The logical vectors in R Language are the vectors whose elements are `TRUE`

, `FALSE`

, or `NA`

(Not Available). R language allows the easy manipulation of logical (or relational) quantities. The `TRUE`

and

values are often used to represent the conditions or Boolean expressions.`FALSE`

## Table of Contents

In R, the reserved words `TRUE`

and `FALSE`

are often abbreviated as T and F, respectively. However, the T and F are not reserved words and hence can be overwritten by the user. Therefore, instead of T and F; it is better to use `TRUE`

and `FALSE`

.

Logical vectors in R can be created by:

- Direct assignment of
`TRUE`

and`FALSE`

values to the elements of a vector - By using conditions (use of logical or comparison operators) on elements of the vectors. (Operators in R Language)
- Using ifelse statement

### Creating Logical Vectors in R Using Direct Assignment

v1 <- c(TRUE, FALSE, TRUE) print(v1) ## Output [1] TRUE FALSE TRUE

### Creating Logical Vectors using Comparison Operators

x <- 5 y <- 10 v2 <- x > y print(v2) ## Output FALSE

data <- c(1, 2, 3, 4, 5) v3 <- data < 3 print(v3) ## Output [1] TRUE TRUE FALSE FALSE FALSE

### Creating Logical Vectors using ifelse Statement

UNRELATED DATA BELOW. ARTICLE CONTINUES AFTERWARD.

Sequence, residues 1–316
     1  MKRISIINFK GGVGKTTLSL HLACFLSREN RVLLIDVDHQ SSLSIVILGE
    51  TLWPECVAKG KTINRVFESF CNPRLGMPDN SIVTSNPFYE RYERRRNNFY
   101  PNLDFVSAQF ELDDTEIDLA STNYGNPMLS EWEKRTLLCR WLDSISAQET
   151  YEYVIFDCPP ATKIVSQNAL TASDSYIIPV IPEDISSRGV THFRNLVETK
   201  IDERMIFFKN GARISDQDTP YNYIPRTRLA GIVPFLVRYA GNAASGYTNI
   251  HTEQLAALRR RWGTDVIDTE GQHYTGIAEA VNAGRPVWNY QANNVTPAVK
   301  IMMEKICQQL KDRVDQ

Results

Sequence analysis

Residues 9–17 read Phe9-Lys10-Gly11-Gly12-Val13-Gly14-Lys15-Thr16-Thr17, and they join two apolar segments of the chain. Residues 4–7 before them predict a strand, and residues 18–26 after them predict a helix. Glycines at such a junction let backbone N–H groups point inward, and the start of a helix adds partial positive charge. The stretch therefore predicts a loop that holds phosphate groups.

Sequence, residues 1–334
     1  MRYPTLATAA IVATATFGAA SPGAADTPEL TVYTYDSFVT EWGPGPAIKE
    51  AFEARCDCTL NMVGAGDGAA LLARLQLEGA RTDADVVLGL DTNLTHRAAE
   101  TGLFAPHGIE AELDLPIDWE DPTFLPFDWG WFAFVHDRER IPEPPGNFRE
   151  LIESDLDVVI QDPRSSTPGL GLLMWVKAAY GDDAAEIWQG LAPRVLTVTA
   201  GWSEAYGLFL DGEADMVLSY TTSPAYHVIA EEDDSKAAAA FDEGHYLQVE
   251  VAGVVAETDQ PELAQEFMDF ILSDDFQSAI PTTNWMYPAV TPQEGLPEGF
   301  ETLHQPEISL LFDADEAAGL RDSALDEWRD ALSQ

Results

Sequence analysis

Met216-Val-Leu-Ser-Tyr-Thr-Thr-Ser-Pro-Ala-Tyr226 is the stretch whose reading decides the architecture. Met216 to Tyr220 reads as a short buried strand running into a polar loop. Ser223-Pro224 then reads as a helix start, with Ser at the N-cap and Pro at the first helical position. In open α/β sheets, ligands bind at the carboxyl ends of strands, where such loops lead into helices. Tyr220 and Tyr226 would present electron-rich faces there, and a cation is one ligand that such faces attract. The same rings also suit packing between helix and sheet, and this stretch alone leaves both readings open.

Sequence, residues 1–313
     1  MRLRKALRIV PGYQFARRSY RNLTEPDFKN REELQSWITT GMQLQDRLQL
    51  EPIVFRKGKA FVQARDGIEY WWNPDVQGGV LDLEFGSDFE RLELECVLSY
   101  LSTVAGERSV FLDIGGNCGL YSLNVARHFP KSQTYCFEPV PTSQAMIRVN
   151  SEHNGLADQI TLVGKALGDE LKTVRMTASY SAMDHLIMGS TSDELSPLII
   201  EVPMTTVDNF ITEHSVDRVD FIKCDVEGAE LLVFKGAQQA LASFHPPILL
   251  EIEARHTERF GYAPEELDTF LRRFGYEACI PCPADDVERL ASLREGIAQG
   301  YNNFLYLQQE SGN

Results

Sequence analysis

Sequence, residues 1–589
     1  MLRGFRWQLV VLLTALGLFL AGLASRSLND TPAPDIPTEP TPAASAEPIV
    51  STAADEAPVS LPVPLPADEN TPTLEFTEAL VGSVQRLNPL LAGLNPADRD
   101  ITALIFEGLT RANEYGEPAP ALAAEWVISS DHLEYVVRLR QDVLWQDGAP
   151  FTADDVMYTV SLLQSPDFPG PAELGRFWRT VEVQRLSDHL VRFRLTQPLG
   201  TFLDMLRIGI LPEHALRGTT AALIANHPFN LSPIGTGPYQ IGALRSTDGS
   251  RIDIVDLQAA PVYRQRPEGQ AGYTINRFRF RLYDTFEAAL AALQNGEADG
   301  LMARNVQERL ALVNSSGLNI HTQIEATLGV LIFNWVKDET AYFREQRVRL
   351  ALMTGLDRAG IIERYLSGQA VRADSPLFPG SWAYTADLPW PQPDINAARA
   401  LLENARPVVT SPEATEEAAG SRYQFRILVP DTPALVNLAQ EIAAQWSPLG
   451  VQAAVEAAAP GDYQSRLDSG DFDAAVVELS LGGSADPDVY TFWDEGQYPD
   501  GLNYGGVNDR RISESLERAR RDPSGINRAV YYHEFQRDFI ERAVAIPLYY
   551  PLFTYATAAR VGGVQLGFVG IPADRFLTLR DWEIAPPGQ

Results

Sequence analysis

The `ifelse`

statement can also be used to create/generate logical vectors in R Language. For example,

data <- c(3, 4, 6, 8, 4, 4, 6, 10, -5) v4 <- ifelse(data > 5, TRUE, FALSE) print(v4) ## Output [1] FALSE FALSE TRUE TRUE FALSE FALSE TRUE TRUE FALSE

From the above examples, the logical vectors are usually generated by conditions. The length of the logical vector will be the same as that of the vectors to which the condition is applied. Depending on the condition, the corresponding elements result in `FALSE`

if the element of the vectors does not meet the condition specified and `TRUE`

where it is.

### Logical Operators

The following is the list of logical operators

Logical Operator | Short Description |
---|---|

< | Less than |

> | Greater than |

<= | Less than or Equal to |

>= | Greater than or Equal to |

== | Exactly Equal to |

!= | Not Equal to |

In addition to logical operators, the relational/logical operators are:

Operator | Short Description |
---|---|

& (and) | It takes two logical values and returns `TRUE` only if both values are `TRUE` themselves |

| (or) | It takes two logical values and returns `TRUEÂ ` if just one value is `TRUE` . |

! (not) | It negates the logical value itâ€™s used on |

### Use of Logical Operators

#### Filtering Data

The logical vectors in R language are commonly used for filtering the data. For example,

data <- data.frame(x = c(1, 2, 3, 4, 5), y = c("a", "b", "c", "d", "e")) filtered_data <- data[data$x > 3, ]

#### Ordinary Arithmetic

Logical vectors may be used in ordinary arithmetic, in which case they are coerced into numeric vectors, `FALSE`

becoming 0 and `TRUE`

becoming. For example,

x = c(TRUE, FALSE, FALSE, TRUE) y = c(5, 10, 6, 15) x+y ## Output [1] 6 10 6 16 sum(x) ## Output [1] 2

Logical vectors in R language are a fundamental tool for working with conditions and Boolean expressions. Understanding how to create, manipulate, and use logical vectors is essential for effective data analysis and programming in R.

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